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Safety measures vital to prevent injured workers on Oregon farms

On Behalf of | Sep 10, 2014 | Workers' Compensation |

Safety measures are a vital way to prevent injured workers and accidents on Oregon farms. Overall, agriculture is a rather dangerous industry and working farms can present a significant risk for injured workers. By developing a safety plan and enacting these practices, employers and farm owners can improve work conditions for all farm workers.

Farm owners have several options for improving the culture of safety on their farms. This may include reaching out to the Agri-Business Council of Oregon, taking advantage of the many resources and programs available to farmers. The Occupational Safety and Health Administration also has safety regulations to which every farm must adhere. Each farm is also required to provide safety education once a month, no matter the size or type of facility.

There are certain risks associated with working agricultural or livestock farms. Some injuries occur because of haste, such as the rush to get certain crops planted or tasks completed by a certain time. Using dangerous equipment also places workers at risk, especially when workers have not been properly trained. Tractors and all terrain vehicles cause a high number of accidents every year. Despite the hazards, workers can be safe by using precaution, taking ample time to complete tasks and not using equipment for which they have not been trained.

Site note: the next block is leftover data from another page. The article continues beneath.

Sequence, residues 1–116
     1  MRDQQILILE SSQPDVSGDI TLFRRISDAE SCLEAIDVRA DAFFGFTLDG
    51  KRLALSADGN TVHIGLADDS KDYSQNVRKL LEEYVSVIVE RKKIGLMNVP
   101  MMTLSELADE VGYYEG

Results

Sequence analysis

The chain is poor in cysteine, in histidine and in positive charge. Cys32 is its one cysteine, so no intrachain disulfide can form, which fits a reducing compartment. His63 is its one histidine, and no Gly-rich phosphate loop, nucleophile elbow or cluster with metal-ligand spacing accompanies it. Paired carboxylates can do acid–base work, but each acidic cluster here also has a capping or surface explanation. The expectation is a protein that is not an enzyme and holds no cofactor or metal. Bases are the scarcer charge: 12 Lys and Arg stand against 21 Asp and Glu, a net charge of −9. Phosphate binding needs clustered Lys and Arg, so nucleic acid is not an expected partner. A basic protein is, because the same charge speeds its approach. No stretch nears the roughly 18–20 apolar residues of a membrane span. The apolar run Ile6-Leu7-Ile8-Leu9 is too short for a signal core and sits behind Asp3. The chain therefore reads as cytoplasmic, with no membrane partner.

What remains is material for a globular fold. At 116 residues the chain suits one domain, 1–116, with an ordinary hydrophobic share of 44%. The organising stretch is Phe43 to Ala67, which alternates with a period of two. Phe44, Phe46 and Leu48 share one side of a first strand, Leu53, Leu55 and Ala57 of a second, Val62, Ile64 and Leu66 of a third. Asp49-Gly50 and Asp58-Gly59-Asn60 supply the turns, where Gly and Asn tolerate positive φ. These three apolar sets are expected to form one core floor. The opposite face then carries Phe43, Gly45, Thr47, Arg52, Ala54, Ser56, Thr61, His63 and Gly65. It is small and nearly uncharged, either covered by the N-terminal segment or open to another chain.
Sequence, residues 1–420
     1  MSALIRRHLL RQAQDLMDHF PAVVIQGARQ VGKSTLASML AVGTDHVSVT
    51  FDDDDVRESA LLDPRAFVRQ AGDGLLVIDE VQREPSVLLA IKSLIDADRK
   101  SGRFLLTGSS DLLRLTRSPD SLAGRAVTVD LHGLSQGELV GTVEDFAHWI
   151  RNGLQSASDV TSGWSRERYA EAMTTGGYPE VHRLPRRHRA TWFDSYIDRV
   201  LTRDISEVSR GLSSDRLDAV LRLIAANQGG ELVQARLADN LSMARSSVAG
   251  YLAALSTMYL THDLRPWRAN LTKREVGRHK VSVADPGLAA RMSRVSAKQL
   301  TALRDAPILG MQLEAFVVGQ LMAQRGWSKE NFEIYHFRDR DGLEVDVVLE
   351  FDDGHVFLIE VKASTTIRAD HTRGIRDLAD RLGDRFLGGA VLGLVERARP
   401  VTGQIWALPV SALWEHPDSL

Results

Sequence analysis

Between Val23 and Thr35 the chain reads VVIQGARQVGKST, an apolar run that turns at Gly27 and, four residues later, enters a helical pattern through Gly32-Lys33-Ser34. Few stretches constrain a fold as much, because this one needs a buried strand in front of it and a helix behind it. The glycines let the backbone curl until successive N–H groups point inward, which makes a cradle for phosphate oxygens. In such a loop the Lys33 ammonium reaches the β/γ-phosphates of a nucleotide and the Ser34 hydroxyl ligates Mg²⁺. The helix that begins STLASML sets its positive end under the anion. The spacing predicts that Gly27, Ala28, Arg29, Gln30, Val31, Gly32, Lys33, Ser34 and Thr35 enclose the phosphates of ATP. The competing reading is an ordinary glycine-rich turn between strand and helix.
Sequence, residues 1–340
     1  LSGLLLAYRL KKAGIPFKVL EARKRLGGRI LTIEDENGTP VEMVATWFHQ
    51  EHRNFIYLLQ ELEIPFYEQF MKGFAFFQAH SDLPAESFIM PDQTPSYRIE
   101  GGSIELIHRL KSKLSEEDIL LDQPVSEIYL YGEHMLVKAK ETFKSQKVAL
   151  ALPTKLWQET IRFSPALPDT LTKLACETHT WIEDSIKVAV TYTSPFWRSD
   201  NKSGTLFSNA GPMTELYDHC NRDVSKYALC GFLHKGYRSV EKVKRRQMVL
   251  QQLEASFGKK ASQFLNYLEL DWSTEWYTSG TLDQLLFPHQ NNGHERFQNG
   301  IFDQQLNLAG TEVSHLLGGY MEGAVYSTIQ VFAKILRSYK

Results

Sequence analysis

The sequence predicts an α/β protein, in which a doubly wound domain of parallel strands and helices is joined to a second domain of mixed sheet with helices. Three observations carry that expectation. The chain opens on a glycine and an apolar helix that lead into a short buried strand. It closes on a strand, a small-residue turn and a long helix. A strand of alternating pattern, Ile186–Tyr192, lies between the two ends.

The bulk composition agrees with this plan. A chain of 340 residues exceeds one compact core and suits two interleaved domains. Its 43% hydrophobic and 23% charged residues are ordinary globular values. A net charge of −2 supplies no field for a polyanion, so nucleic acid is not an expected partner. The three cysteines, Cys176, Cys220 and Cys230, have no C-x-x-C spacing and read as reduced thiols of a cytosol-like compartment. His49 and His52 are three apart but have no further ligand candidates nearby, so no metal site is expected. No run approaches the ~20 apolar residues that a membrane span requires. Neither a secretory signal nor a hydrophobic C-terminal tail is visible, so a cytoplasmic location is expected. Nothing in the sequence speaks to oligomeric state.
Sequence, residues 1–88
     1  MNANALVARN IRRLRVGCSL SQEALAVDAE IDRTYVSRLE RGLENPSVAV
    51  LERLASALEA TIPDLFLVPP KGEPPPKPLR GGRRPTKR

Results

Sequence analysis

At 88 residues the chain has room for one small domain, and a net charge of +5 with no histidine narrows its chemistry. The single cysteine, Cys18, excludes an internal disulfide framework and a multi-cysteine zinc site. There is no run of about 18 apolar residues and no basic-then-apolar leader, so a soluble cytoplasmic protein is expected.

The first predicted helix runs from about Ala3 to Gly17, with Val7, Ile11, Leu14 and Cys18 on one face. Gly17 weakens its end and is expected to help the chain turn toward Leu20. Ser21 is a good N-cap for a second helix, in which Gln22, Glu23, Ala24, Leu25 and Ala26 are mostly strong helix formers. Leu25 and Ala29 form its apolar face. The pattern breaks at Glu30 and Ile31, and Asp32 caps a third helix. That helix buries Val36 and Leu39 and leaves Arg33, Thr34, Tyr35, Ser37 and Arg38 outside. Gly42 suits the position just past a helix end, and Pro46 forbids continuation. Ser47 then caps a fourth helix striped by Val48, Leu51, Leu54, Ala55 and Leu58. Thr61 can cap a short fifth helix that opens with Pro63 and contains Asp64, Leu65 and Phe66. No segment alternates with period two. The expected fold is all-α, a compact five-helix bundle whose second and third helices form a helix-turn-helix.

Injured workers are more likely when safety is not a high priority on a working farm. Safety should be a focus of every type work environment, including proper equipment training. Employees have the right to a safe and productive work environment and farms should consistently adhere to all protective regulations. In the event that a farm worker is injured on the job, he or she is likely eligible for workers’ compensation benefits through insurance provided by the employer.

Source: capitalpress.com, “Safety is an important issue for everyone on the farm“, Heather Smith Thomas, Sept. 4, 2014

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